Head-on collisions with the real language barrier
René Rice · 1 Apr 2008, 15:53
Published: 01 Apr 2008 15:53 GMT+02:00
- Government to consider Swedish language law (18 Mar 08)
- Swedish language 'pushed off TV screens' (11 Oct 07)
- Learning Swedish: accept no substitutes (10 Oct 07)
Learning a new language can be a pretty daunting task for most of us. One of the most common pieces of advice to achieve the best (and quickest) results is to actually live in the country itself and totally immerse yourself in the vernacular.
For the most part, I'm inclined to agree - unless of course virtually all the natives of that country already speak your language fluently and would clearly much rather kidnap your mother tongue than communicate via their own. I'm referring of course to our beloved Sweden.
Now don't get me wrong - if you're a native English speaker who wants to learn Swedish then living here will still be highly beneficial; you'll be able to take Swedish courses, eavesdrop on conversations, read Swedish books and newspapers, watch Swedish television and movies with optional subtitles and have unparalleled access to a veritable smorgasbord of all things, well, Swedish really.
Just try however, to spark up a conversation in their language and you'll soon be chatting away in English again before you know it.
I'll be the first to admit that my Swedish isn't perfect yet, and there are times when I prefer to use English - at the bank, dentist, doctor and so on, but I can pretty much hold my own when it comes to shops, restaurants and hotels, among other things.
So why is it that when I ask - in fluent Swedish - for a fiskburgare (yep, you guessed it - a fish burger) in my local Max hamburger joint, the response I am given is a polite but decidedly English: "Yes, sir. It will just be a few minutes if you don't mind waiting..."
The most baffling part of all of this is that I have been told by many Swedes that I don't even have an accent when I speak the language, so unless I simply look like a native English speaker (your guess is as good as mine here), then I really have no idea why so many shop assistants, waiters and bartenders feel the need to reply to me in English.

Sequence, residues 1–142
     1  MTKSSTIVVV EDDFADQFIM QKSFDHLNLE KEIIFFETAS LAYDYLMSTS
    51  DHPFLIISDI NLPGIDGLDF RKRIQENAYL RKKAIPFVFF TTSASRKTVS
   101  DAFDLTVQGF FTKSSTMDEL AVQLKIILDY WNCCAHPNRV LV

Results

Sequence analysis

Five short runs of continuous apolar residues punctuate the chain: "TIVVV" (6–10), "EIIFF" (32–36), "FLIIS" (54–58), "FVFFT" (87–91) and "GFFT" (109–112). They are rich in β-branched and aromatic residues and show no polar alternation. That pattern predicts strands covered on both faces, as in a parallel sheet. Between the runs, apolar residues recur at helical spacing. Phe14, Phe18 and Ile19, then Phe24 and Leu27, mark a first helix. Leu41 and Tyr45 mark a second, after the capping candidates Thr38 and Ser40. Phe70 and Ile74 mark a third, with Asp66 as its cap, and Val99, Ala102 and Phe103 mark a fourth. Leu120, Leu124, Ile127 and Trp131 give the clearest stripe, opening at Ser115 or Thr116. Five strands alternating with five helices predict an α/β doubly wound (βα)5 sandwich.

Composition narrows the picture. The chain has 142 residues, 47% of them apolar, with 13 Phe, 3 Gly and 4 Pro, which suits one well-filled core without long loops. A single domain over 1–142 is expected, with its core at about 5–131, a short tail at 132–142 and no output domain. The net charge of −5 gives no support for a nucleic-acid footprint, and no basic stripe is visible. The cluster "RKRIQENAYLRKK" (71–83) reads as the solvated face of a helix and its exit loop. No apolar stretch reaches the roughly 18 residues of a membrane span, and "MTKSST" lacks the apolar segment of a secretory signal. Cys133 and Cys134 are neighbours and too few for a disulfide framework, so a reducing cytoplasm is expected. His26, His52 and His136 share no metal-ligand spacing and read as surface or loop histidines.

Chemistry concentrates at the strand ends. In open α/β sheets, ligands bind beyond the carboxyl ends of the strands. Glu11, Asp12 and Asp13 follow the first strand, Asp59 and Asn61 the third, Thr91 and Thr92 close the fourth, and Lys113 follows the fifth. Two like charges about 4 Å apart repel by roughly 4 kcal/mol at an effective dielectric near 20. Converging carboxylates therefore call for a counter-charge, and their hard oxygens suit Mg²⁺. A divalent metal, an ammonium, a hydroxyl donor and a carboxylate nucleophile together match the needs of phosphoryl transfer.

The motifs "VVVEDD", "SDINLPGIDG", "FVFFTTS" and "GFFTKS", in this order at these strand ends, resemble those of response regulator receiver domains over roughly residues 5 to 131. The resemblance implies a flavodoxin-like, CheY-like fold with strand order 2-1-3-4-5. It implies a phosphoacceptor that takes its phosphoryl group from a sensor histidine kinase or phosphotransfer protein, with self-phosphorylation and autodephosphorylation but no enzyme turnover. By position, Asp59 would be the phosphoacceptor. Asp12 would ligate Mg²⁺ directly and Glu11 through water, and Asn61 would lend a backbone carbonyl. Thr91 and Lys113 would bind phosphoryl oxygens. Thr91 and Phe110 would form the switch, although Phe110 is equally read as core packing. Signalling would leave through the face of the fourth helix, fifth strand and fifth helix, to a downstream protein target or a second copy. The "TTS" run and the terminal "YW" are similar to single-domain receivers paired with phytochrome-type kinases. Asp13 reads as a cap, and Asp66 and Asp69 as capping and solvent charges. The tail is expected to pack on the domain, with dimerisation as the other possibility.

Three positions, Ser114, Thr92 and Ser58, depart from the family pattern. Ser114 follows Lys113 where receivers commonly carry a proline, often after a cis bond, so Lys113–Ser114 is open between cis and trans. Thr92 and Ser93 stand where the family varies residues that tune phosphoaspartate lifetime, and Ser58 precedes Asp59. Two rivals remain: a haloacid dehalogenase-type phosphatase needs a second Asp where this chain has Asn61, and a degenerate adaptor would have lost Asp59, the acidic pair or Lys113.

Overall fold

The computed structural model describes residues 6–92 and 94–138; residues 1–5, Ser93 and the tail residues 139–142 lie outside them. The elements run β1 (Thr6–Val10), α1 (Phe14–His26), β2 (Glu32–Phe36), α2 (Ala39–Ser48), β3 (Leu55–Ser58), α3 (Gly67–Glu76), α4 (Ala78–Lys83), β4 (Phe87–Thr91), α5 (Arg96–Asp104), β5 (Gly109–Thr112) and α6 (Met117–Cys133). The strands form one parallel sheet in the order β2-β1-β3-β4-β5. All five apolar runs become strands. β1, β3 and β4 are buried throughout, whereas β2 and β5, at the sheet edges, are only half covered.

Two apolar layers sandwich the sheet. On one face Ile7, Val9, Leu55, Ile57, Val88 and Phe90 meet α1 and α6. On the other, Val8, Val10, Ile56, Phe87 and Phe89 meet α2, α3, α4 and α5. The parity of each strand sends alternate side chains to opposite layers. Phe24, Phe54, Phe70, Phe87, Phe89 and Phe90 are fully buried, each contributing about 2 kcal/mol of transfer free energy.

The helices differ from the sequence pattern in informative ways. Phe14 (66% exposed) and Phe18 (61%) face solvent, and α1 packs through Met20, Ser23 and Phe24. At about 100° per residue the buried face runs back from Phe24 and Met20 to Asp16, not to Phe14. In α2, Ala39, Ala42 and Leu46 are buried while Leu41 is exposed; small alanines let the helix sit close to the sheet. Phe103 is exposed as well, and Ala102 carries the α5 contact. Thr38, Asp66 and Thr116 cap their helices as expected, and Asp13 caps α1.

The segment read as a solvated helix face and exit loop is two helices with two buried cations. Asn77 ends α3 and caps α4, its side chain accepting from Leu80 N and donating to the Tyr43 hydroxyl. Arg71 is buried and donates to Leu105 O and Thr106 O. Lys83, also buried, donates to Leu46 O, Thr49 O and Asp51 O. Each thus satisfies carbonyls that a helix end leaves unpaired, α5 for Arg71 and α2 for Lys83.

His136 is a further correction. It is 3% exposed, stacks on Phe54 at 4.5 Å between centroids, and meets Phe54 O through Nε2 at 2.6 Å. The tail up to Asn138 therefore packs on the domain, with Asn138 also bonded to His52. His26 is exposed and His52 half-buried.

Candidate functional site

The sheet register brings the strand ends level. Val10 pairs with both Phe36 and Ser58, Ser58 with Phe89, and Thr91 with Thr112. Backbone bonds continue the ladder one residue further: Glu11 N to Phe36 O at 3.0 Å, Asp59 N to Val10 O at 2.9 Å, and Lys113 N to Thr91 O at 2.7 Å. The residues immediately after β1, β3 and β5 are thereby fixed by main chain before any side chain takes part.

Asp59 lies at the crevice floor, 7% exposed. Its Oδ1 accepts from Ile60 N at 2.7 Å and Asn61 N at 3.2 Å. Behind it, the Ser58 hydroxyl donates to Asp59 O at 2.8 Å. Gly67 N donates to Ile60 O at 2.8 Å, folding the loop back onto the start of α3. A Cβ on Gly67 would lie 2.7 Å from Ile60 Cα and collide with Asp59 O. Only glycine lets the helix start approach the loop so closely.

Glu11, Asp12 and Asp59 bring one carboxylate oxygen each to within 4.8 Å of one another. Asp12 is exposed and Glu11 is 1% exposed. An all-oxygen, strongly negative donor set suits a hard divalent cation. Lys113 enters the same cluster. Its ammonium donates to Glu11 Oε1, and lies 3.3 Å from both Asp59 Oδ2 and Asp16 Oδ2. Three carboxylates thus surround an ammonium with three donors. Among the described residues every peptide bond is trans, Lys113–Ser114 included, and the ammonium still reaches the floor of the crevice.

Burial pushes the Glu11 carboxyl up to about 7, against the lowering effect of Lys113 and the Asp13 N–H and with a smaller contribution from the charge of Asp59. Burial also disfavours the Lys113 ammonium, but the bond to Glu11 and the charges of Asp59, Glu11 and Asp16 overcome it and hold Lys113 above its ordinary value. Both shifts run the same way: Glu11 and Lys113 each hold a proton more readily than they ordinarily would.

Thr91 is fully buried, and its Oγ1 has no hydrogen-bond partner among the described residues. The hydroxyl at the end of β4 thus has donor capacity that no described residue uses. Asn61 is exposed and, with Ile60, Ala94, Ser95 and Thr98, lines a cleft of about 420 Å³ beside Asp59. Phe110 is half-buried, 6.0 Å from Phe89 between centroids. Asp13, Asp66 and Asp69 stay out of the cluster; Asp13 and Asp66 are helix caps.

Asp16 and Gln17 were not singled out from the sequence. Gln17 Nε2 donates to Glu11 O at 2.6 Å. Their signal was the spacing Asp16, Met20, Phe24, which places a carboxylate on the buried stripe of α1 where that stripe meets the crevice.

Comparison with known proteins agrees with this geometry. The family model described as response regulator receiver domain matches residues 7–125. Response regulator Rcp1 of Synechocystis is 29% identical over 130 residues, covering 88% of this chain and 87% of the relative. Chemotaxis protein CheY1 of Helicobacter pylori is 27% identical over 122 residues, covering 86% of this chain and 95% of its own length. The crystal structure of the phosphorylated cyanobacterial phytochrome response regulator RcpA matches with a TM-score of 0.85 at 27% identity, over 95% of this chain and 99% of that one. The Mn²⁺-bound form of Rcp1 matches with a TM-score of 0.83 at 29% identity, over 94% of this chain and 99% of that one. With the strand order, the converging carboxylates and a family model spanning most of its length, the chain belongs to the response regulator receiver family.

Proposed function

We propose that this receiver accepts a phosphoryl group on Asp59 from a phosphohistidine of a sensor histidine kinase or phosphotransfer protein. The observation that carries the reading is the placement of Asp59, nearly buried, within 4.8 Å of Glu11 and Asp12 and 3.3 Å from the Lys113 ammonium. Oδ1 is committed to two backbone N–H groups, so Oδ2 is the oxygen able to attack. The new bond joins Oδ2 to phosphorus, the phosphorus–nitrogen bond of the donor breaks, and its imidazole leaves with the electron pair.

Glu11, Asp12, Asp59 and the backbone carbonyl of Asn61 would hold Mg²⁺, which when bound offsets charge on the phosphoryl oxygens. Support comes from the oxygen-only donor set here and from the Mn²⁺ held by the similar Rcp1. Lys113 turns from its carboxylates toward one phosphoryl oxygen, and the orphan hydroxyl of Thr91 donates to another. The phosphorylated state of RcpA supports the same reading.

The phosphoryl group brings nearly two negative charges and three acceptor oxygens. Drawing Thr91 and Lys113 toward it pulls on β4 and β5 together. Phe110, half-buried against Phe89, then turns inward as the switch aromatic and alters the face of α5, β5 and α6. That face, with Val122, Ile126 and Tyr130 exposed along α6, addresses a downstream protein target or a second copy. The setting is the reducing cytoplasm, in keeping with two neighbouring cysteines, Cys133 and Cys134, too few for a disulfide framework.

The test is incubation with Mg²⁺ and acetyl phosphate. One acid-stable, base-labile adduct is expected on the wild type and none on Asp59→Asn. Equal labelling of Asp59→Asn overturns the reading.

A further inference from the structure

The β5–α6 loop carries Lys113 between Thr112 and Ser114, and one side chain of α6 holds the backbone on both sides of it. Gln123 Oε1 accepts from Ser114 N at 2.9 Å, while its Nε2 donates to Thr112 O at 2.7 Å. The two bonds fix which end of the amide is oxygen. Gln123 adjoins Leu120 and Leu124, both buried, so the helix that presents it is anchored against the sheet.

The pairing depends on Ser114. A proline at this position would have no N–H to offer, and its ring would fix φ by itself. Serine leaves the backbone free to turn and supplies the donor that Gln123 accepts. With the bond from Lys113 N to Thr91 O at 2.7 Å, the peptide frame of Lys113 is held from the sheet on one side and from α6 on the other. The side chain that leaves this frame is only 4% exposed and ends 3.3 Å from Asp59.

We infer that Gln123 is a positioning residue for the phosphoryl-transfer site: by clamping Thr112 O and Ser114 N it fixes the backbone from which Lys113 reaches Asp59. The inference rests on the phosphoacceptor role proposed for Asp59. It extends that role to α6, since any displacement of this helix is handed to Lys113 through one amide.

No matter how enjoyable and personally fulfilling it may be for these Swedes to communicate in their second language as opposed to their first, I do wish that the culprits could spare a thought for people like myself who are still learning Swedish and basically need all the practice we can get.
I find being continually answered in English when you're doing your best to interact in Swedish not only extremely frustrating but also quite condescending - Aah, he's trying to speak my language, bless his little cotton socks. I'll answer him in perfect English to show him just how little he really knows.
I suppose many Swedes relish the prospect of showing off their heightened language skills, and quite rightly so. After all, my few years of elementary French at school doesn't really compare, especially when all I can remember now are some random swear words and the obligatory phrase: "Excuse me, could you tell me how to get to the train station please?"
Fortunately, as every Brit knows, the French understand English a lot better if you simply shout the words repeatedly at them...